That's why we decided not to ask the service chiefs to speak. At the conferences, we'll get the service chiefs,
because they think it's important to have the head of the organization speak. We think it's important to have a

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Designing the Integrated Force: How to Define and Meet the Challenge?

conversation amongst those levels in the organization that are actually doing the design and the thinking
themselves, so they can express some ideas. They can exchange ideas.

It also is a really good way to set up networks, because not too many people are going to go ring up the
chief of the service after a seminar and say, "Hey, I want to ask you about your question." It's not that hard to
ring up one of the one stars who had a conversation and say, "Hey, I heard what you said."

There were some pretty important messages that came out from those one stars that showed they were
thinking deeply about the issue and talking to each other about it. That's the way to get integrated force.

Question: When we're talking about a 21st-century integrated force and why that's important, a lot of
people's minds go back to the network-centric warfare days, and that's not what we're talking about.

You clearly are not talking about connecting platforms after the fact and calling that integration.

How do you see the difference?

Blackburn: Let me go back to the difference between the two. I was head of strategic policy at the time and
we worked with Admiral Cebrowski as he launched the NCW discussion. He told us “NCW is an idea which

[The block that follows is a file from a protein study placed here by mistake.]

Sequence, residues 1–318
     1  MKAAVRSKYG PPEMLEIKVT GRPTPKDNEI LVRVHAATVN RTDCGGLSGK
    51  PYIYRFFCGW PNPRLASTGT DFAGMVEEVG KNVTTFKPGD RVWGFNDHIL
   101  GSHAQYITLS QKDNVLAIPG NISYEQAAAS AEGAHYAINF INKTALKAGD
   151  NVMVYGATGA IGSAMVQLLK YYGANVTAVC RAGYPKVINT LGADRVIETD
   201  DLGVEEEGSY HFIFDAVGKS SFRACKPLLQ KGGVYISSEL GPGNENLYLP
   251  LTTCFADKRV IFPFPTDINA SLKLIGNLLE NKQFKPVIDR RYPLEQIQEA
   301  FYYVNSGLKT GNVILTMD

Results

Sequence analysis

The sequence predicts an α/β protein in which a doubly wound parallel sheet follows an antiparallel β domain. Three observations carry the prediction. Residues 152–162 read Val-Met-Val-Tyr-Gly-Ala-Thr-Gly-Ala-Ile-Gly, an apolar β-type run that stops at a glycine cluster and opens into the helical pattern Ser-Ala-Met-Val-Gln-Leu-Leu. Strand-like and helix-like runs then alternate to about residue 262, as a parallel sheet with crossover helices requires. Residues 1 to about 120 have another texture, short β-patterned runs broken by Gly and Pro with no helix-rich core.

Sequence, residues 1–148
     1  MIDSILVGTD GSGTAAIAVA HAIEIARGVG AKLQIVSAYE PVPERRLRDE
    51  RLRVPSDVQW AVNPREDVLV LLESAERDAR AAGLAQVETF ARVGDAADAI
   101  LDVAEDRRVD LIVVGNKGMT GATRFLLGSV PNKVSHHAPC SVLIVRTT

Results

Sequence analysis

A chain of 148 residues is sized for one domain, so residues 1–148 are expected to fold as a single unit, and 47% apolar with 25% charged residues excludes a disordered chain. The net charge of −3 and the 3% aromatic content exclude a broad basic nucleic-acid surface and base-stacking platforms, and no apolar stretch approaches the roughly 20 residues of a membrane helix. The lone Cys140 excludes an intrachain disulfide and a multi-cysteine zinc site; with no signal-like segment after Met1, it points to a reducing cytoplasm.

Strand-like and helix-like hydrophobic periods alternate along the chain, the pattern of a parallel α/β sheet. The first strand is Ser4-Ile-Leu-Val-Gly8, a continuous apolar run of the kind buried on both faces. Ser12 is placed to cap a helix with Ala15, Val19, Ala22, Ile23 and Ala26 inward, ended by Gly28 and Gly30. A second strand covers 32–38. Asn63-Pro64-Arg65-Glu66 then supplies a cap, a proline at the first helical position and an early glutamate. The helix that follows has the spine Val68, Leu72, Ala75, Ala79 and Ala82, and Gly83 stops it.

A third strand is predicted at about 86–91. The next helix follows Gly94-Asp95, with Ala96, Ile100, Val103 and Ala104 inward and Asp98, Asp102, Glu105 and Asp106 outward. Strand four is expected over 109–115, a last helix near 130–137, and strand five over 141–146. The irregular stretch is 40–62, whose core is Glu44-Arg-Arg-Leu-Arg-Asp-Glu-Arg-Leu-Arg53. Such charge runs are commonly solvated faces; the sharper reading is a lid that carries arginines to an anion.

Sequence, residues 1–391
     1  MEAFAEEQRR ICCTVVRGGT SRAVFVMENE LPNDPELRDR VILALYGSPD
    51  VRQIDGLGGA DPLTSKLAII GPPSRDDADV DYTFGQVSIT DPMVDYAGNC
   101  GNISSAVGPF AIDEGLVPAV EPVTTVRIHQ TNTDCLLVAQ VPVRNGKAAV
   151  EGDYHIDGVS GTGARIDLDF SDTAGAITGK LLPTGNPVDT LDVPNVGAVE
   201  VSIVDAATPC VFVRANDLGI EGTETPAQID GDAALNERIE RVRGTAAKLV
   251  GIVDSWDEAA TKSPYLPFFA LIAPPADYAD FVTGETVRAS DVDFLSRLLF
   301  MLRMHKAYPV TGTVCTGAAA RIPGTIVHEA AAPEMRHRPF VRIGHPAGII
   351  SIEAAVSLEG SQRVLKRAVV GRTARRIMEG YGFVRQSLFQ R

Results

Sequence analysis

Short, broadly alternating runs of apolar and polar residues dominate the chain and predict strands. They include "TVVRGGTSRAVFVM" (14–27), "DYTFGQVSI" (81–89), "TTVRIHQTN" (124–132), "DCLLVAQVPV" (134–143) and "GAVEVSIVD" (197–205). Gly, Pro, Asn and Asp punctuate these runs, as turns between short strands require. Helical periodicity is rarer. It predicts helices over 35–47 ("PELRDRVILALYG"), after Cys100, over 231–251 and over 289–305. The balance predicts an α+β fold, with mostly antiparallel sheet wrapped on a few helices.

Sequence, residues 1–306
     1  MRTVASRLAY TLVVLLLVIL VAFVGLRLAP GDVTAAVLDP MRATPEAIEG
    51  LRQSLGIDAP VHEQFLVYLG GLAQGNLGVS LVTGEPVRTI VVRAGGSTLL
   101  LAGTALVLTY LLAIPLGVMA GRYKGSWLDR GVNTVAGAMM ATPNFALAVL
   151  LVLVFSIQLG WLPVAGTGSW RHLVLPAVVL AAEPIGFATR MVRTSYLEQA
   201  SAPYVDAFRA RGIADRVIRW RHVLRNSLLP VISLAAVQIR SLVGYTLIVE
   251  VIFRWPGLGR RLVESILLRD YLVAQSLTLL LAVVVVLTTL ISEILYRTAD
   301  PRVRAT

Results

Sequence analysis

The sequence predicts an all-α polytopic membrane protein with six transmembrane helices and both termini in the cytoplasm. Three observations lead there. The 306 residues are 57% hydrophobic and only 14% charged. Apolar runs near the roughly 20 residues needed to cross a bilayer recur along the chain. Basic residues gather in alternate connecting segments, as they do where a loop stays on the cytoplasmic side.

we are just getting out there. If 40% of what I'm saying ever comes true, that'll be a fantastic result, because
it's an idea. It's to get the language out there."

The reality is, we're never going to be totally network-connected. It's not going to happen. It's like saying
you're going to have unlimited bandwidth and everybody can actually connect without the adversary
disrupting those networks. You've got to start with the idea. You've got to get people talking about it and to
get the language out there into the debate.

Now where we're at now is moving to the next stage, of applying a bit of thrust as one of the speakers said,
getting on with building this, not just talking about it but building it.

We see elements of force integration in the United States, but the integration there is by service. There's
integrated force happening within Navy with NIFC-CA. The USAF is looking at their future, Aerospace 2034.
We really have to follow the ideas in the U.S. but take one further step.

Because we're small, we might be able to take the step straight to JIFC, the Joint Integrated Fire Control idea
for Australia. We want to learn from the U.S., follow it closely, but actually take a step which is hard for the
U.S. to do because of its size, and that's go truly joint by design.

AVM (Retired) Blackburn led a study on integrated air and missile defense to explore the boundaries of
how design from the outset of integration for the force might proceed.